Findings by Agency | FY 2019-20
  Findings by Type  
Agency Material Weakness1 Significant Deficiency2 Other3 Total
 
DOA   3   3
DCF   1   1
ETF  1     1
DHS  1 8 11
DPI  1     1
DWD  1 2   3
UW System   1 1 2
Total 4 15 3 22
Questioned Costs by Program | FY 2019-20    
 
Federal Program  Questioned Costs
 
Coronavirus Relief Fund $  741,766
Medical Assistance Program 428,765
Higher Education Emergency Relief Fund 400,000
Foster Care—Title IV-E 7,597
Children's Health Insurance Program 2,966
Total  $1,581,094



   

1 A material weakness is a deficiency, or a combination of deficiencies, in internal control over compliance or financial reporting, such that there is a reasonable possibility that a material misstatement or material noncompliance will not be prevented, or detected and corrected, on a timely basis.

2 A significant deficiency is a deficiency, or a combination of deficiencies, in internal control over compliance or financial reporting that is less severe than a material weakness in internal control, yet important enough to merit attention by those charged with governance.

3 A noncompliance finding that does not have a related material weakness or significant deficiency.

Findings by Agency | FY 2019-20
  Findings by Type  
Agency Material Weakness1 Significant Deficiency2 Other3 Total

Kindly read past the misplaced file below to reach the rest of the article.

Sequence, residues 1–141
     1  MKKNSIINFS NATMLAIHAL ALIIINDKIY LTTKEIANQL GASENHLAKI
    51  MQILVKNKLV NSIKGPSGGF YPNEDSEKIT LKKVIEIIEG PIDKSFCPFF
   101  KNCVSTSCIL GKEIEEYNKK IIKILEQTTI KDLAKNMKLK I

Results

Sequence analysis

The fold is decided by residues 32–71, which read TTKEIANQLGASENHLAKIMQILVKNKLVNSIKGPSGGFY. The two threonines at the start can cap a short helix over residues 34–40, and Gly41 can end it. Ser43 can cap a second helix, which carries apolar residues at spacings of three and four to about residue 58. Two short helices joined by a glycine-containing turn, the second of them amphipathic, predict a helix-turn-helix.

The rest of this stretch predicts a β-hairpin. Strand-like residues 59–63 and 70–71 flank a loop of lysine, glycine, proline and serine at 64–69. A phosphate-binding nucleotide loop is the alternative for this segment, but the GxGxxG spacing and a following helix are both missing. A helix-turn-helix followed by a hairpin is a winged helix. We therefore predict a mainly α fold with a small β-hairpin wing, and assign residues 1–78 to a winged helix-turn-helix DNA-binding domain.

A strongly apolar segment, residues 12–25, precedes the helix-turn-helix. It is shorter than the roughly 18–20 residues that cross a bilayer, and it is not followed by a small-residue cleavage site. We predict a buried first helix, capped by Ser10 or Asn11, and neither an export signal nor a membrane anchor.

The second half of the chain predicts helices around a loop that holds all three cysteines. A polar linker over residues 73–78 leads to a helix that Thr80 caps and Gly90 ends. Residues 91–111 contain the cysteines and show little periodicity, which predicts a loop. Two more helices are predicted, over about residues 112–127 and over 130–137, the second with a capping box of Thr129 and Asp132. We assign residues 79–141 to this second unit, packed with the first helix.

DOA   3   3
DCF   1   1
ETF  1     1
DHS  1 8 11
DPI  1     1
DWD  1 2   3
UW System   1 1 2
Total 4 15 3 22

1 A material weakness is a deficiency, or a combination of deficiencies, in internal control over compliance or financial reporting, such that there is a reasonable possibility that a material misstatement or material noncompliance will not be prevented, or detected and corrected, on a timely basis.

2 A significant deficiency is a deficiency, or a combination of deficiencies, in internal control over compliance or financial reporting that is less severe than a material weakness in internal control, yet important enough to merit attention by those charged with governance.

3 A noncompliance finding that does not have a related material weakness or significant deficiency.

Questioned Costs by Program | FY 2019-20      
 
Federal Program  Questioned Costs
 
Coronavirus Relief Fund $  741,766
Medical Assistance Program 428,765
Higher Education Emergency Relief Fund 400,000
Foster Care—Title IV-E 7,597
Children's Health Insurance Program 2,966
Total  $1,581,094